Stern’s battle with NBA age limits

AP Photo/Charlie Neibergall

You could say that college basketball is being ruined by players that only stay for one year, but you’d just be fooling yourself.

The truth is, it’s making a mockery of the university. Kids come to campus just to play basketball, not advance their education. That part bothers me because I pay for it, and you pay for it too.

So today, NBA Commissioner David Stern said that he is taking a long look at the league’s age limit that forces players to be at least 19 years of age before they can turn pro. Stern said he would like to add another year to the age limit, forcing players to be 20 years old before they can play in the NBA.

But I have a suggestion for Mr. Stern — add two more years, and don’t allow players into the league until they’re old enough to drink.

It’s working wonders for the NFL. The league doesn’t take young, immature kids and turn them into superstars, no matter how good they are. It would work for the NBA, too — if the player’s union would get out of the way and Stern would have the gall to double the number of years in his age-limit increase.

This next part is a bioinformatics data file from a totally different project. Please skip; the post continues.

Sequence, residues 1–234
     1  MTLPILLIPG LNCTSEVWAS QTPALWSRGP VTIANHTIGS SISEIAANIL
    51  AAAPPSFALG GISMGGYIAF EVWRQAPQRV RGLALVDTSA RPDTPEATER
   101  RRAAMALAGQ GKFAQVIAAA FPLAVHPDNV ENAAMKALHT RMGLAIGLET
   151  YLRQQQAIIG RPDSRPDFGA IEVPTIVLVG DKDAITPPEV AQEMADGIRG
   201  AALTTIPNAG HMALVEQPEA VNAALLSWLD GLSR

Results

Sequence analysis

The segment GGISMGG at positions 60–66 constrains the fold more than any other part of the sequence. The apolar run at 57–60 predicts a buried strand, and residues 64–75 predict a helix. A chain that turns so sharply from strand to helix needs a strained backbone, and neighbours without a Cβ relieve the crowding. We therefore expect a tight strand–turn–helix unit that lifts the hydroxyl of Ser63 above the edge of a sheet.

But you’re taking money out of the pockets of these kids, you might say. Sure, but these kids aren’t living that badly. I saw basketball players at NC State eating sushi for lunch during a College Gameday “All Access” segment this season. Most of us don’t do that too often.

And what about the multitude of kids who leave a year too early and are relegated to a career in the D-league or overseas, when they could have developed into an NBA talent if they stayed another year or two in college?

I think David Stern’s on to something, and I hope they can move the age limit. Maybe the kids would focus more on getting an education if they knew they’d need to stay a while, and that’s also a big plus if Stern’s plan can yield more focus on classes.

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